Seals must be new to safely create an airtight lock – you can tell a seal is old by checking the inner rubber seal. If there is an indent, it’s best just to use on jars you’re not trying to make shelf stable.
Always use hand protection when dealing with hot jars – Whether you purchase one of the tools I recommend, or use a couple of thick towels, please make sure to protect your hands. The jars are HOT coming out of the water, and will be for a good while.
Make sure the water is at a ROLLING boil before you start the timer – Really important guys! The water will likely drop temp a little as you add the jars. Return it to a rolling boil before you start timing it.
Always wipe the rim of the jars clean – A slightly damp paper towel (warm water if canning something sticky), then a second pass with a dry one is important. Make sure it’s clean so the seal can properly adhere.
Water Bath Canning Times Chart
One pretty important thing to remember is to follow the canning times recommended for the recipe you’re following.
If you’re canning a new one that you made however, it’s useful to know the common processing times for different types of preserves. Keep in mind that these are for 8 ounce (half pint) jars, for every size you go up (to pint/16ounces to quart/32 ounces), add 5 minutes to the processing times
|Fruit Jams & Jellies||10 minutes|
|Tomato Sauces||30 minutes|
|Pickles (with Vinegar)||10 minutes|
How to know your jars are shelf stable and ready to store
There’s one really easy way to tell if your jars have sealed. Just check the seal! Okay, okay, to be specific, the seal that you put on the jar is going to bubble when it’s processed in the hot water.
You’ll see the raised spot on the lid when they come out. When the jar has ‘sealed’ the heat will literally suck the seal down and you’ll hear what home canners call the ‘pop’.
If you’re not around when it happens, just touch the top of the seal. If they indent or click to your touch they aren’t ready. If the lid is taut and doesn’t move, you’re good to go.
It’s important to know that it can take an entire day for jars to ‘pop’. If after a few hours the lid on your preserves still clicks, and the jar is cool enough to handle with your bare hand, place the jar in the fridge.
If after 24 hours, the seal is still clicking, then the seal has failed. You can either try to redo it with a fresh seal, or do what I do. Just keep that jar in the fridge to enjoy right away!
Canning without a Water Bath
I’m just going to say it. I do not recommend trying to make home preserves shelf stable without the use of either a water bath or pressure canner. Here the two methods I’m most often asked about, and why I do not recommend them.
Can I use wax instead of seals? There are a lot of alternatives to the metal seals and lids out there, most of them old fashioned. My great grandmother used these methods and lived a long healthy life, but for safety purposes I’d really just recommend using the metal seals. Wax does not kill any micro-organisms, and it has to be done PERFECTLY to create a proper seal.
Can’t I just flip the jar upside down? Again, an old fashioned method that might work okay, but I can’t and don’t recommend it for safety purposes. Water bath canning heats the content of the jars to the point of killing bacteria and creates the essential seal.
With supplies in hand and this step by step guide, you’re well on your way to being a water bath canning pro. I hope you find this helpful and if there’s a questions I forgot to answer, please don’t hesitate to ask in the comments section below. I usually say happy eating, now I’m gonna sign off with Happy Canning!!
Check out my many canning recipes for inspiration, or head to my Guide on Jams and Jellies for even more ideas!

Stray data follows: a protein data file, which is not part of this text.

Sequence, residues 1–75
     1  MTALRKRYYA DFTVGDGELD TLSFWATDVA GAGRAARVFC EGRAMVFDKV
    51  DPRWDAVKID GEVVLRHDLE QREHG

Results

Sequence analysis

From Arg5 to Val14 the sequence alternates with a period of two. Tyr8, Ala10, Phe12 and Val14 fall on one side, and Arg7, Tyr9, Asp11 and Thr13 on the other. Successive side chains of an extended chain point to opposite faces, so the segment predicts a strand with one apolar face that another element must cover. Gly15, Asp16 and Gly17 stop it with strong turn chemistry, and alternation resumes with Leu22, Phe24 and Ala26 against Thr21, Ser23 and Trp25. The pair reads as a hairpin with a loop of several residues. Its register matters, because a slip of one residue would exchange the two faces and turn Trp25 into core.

- Strawberry Watermelon Jam
- Apricot Jelly
- Sugar Free Applesauce
- Pomegranate Jelly
- Strawberry Jam
- Pomegranate Cranberry Jam
- Pear Butter
- Slow Cooker Apple Butter
- Loquat Jam
- Cherry Vanilla Jam
- 1+ gallon water**
- Assemble materials so easily accessible.
- Before processing your preserve mixture, clean your jars, screw bands and seals by washing with warm soapy water, or by running through a clean, empty dishwasher.
- Bring your canning pot, full of water to a boil. You will need at least 1 inch of water above the top of your jars when submerged to properly seal them. It's a good idea to check if you're unsure by lowering a jar in before boiling.
- Cook your recipe.
- Your jars need to be warm before spooning in hot food so they don't shatter or crack during canning. You can keep them in the dishwasher after running to retain heat (run the cycle just before you want to fill the jars), by heating VERY gently in a low temperature oven, or by dipping the jars into the boiling water for a few moments before filling.
- When ready, place your funnel into the mouth of one jar and carefully ladle your recipe into the jar. Typically you will want to use your headspace tool to verify you have left 1/4 inch of space from the rim to the top of the preserve. Fill all the jars.
- Use a damp paper towel to wipe any drips from the top of rim and then dry the rims. Place on the seals.
- Using a towel, thick rubber gloves, or a canning glove to protect your hand from the hot jars, carefully place the screw bands around the rim and tighten hand tight. You can also use a lid grip tool to tighten, but always protect the hand touching the glass jar.
- Using a jar clamps carefully lower the jars into the boiling water until submerged and leave for the processing time called for in your recipe.
- Remove from the water, place on a towel and verify seal has taken before storing. The seal can take several hours to take, so don't panic!
- The jar is sealed when you press down on the middle of the lid and it does not move or click. There should be a small indent in the middle of the lid. If after a few hours the lid clicks or there is no indent, store it in the fridge. If after 24 hours, it still clicks, the seal has failed, and it needs to remain in the fridge.
- Store sealed jars in cupboard for up to 1 year.
Nutrition information and cooking times are provided as a best estimate. Values may vary based upon ingredients and equipment.